two summers from now, detached housing in VAN wil be up to 1.5m and the percentage of foreign ownership will be even higher.


this will raise good tax revenue though to subsidize low income housing and hopefully invest in bringing more TECH here since that's essentialy the only sector that will bring up the median salary in VAN (which is the real problem more than housing prices by themselves since VAN is still cheaper than a lot of global cities where jobs pay much better).

Houses Depreciate's picture

I have a good many acquantances who are chinese nationals here in Vancouver. Not one of the is a full time resident and all of them are levered to their necks.

U4 eee aaa's picture

Haven't you been crowing on these boards that there was not significant foreign investment? amazing how fast your story changes in the face of evidence

artichoke's picture

Why is Vancouver worth so much more than NYC suburbs -- which are around a vastly more important city?  Chinese know about NYC too.  The Vancouver price levels are not sustainable.

jcaz's picture

"Strange, I thought London would burst first, especially after Brexit. The difference I suppose being that London will launder anyone's money, not just Chinese?"

And we have a WINNER!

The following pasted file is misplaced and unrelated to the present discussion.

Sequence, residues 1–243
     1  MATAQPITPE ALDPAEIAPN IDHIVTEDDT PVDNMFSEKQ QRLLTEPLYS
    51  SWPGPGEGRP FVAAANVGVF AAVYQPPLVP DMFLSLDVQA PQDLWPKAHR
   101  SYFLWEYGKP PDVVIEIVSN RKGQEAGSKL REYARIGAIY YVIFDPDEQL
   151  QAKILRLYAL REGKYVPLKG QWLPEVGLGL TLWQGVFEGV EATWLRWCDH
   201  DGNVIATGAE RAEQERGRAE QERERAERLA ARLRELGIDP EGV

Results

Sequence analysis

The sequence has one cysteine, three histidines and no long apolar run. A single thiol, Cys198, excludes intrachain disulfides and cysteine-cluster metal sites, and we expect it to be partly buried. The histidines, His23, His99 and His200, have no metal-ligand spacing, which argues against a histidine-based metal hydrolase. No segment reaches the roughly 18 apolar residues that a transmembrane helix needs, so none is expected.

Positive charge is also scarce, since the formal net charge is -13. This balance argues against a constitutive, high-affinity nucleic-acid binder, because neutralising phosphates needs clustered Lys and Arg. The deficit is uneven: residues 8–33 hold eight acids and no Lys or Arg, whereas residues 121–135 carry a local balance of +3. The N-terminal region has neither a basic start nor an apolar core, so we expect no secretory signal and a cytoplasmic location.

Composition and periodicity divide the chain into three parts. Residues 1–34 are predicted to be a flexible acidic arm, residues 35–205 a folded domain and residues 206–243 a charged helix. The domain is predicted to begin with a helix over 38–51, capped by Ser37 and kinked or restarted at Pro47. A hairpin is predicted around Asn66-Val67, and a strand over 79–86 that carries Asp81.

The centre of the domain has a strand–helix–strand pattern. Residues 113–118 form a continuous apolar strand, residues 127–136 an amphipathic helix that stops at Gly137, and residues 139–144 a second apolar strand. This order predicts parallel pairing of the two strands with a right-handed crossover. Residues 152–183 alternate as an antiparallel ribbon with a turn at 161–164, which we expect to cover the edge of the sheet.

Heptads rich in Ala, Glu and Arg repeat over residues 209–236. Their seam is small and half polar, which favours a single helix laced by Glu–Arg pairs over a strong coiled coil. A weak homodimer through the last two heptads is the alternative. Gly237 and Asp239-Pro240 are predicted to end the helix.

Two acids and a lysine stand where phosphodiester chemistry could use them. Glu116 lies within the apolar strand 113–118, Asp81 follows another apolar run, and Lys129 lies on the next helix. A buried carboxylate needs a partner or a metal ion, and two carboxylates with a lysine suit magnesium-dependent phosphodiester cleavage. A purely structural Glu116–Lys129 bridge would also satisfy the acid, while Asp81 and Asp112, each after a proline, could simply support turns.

The Kongers just love when they lose principal-  realtors up there are gonna hate life soon.

Dr. Spin's picture

Yes, yes, and I feel really bad for the REALTURDS...


U4 eee aaa's picture

The realtors, who said there was no foreign investment, are already about to revolt

artichoke's picture

They could ease the pain for their clients by kicking a share of their overly large commissions.

old naughty's picture

it takes two to tango, no?

either this will go down a lot moar when money needed to return (sellers not happy)...

or bid up moar when moar outflow come in (owners happy), despite tax...

the banks had set up easy network and they'd continue until collapse, it's the 'blood' flow to the ego mind!

Déjà view's picture

-20% + 15% tax = -5% discount for hot 3 weeks...hmmm...


Guru1294's picture

Thats some rachet math but yea i get your point

Bunga Bunga's picture

It's  more like the idiot investor is down 35% when bought a month ago. LMFAO.

Infocat's picture

It´s impossible to tell where the bubble will pop first but vancouver has a new 15% extra tax on home sales to kill chinese speculators, thats why the bubble is popping there first:

Antifaschistische's picture

calling Captain Obvious.....a drop from 54 sales to 3 sales means the prices are STILL WAY WAY WAY WAY too high.

That 30% is right around the corner.

PT's picture

Well it's a start.  We'll need the house prices to drop by 97% so the locals can afford to buy them again.

greenskeeper carl's picture

"The ropes might come when rates go higher"


Ha. Not happening, my friend. Rates go higher, this entire ediface comes crashing down. While it is certainly possible the fed makes another tiny 25 basis point increase this year(I personally doubt it, but its possible) rates are going down, not up. What do you think mortgage rates will be when the 10 year is down to zero, or a tad negative?